B.C. marks 100-year milestone of limited female suffrage
Asian and First Nations women were not given the right to vote until decades later
The B.C. government is celebrating the 100 year anniversary of the right to vote being extended to some women, although full voting rights for all women would not happen until decades later.
A century ago, using petitions, speeches and marches, suffragettes argued women deserved a voice and a chance to influence their country.
"They fought for many of the same things women fight for now. They fought for public health. They fought for employment equity for women. They fought for good social assistance and had an anti-violence agenda. They also fought for the vote," said B.C. Justice Minister Suzanne Anton on CBC's The Early Edition.
Manitoba was the first province in Canada to grant suffrage in Jan. 28, 1916. Saskatchewan and Alberta followed suit later that spring.
In Sept. 1916, British Columbia held a referendum asking whether women should be allowed to vote.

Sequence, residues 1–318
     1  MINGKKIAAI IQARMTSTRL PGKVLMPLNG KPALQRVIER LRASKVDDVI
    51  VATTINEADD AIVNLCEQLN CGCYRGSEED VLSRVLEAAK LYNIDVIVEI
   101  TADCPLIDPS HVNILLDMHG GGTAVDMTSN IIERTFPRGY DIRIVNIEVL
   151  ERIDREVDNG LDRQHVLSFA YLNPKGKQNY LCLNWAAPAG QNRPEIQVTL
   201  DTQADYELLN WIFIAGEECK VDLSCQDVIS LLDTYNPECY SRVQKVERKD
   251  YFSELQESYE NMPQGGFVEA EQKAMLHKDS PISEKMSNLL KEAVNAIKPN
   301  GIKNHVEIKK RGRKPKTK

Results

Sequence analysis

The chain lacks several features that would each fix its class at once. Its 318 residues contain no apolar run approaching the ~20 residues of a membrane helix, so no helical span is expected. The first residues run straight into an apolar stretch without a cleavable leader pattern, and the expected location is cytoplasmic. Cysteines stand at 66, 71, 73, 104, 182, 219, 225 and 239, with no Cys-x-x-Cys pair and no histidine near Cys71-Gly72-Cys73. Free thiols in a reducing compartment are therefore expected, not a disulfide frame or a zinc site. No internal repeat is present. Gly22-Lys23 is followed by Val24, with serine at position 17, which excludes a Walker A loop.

"The vote was very successful," said Anton, adding it had a high turnout.
On Apr. 5, 1917, B.C. became the fourth province to grant limited suffrage to some women.
This law still excluded British Columbians of Japanese, Chinese, and South Asian descent as well as Indigenous Canadians from the vote. Asian women and men received the vote in 1948. By 1960, all Indigenous Canadians were finally allowed to vote.
"It's good to reflect on our history, to remember how difficult it was to achieve those votes and how important it is to exercise those votes," Anton said.
Anton will be marking the occasion at an event at the Vancouver Law Courts at 12:30 p.m. PT Friday — a date chosen as the mid-point between the 1916 referendum and the law coming into effect in 1917.
Chief Justice Beverley McLachlin and Federal Minister of Justice Jody Wilson-Raybould are also scheduled to attend.
With files from The Early Edition
To hear the interview, click on the link labelled B.C. celebrates centennial of suffrage